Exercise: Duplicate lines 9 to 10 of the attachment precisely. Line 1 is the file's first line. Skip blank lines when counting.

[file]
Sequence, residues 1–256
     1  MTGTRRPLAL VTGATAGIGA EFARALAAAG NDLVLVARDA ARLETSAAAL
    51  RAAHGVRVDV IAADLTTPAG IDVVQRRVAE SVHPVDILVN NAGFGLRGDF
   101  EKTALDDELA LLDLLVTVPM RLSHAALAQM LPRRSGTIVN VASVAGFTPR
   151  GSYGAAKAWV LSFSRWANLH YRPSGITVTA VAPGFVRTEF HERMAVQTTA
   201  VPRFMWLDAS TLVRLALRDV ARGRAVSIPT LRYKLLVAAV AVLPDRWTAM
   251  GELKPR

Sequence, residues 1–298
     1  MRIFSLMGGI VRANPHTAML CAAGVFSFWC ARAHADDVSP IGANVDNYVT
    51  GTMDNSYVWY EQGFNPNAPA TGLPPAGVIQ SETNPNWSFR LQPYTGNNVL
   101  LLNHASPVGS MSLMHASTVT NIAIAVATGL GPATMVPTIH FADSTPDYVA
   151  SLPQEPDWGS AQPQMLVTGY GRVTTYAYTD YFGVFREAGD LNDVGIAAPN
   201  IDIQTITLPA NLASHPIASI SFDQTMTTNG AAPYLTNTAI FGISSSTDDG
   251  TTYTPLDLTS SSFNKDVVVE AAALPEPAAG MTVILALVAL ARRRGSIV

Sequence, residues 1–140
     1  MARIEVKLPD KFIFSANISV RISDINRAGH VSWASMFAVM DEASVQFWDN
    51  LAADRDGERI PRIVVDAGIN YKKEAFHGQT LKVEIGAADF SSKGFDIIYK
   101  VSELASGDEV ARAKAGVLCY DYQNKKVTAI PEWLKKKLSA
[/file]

     1  MRIFSLMGGI VRANPHTAML CAAGVFSFWC ARAHADDVSP IGANVDNYVT
    51  GTMDNSYVWY EQGFNPNAPA TGLPPAGVIQ SETNPNWSFR LQPYTGNNVL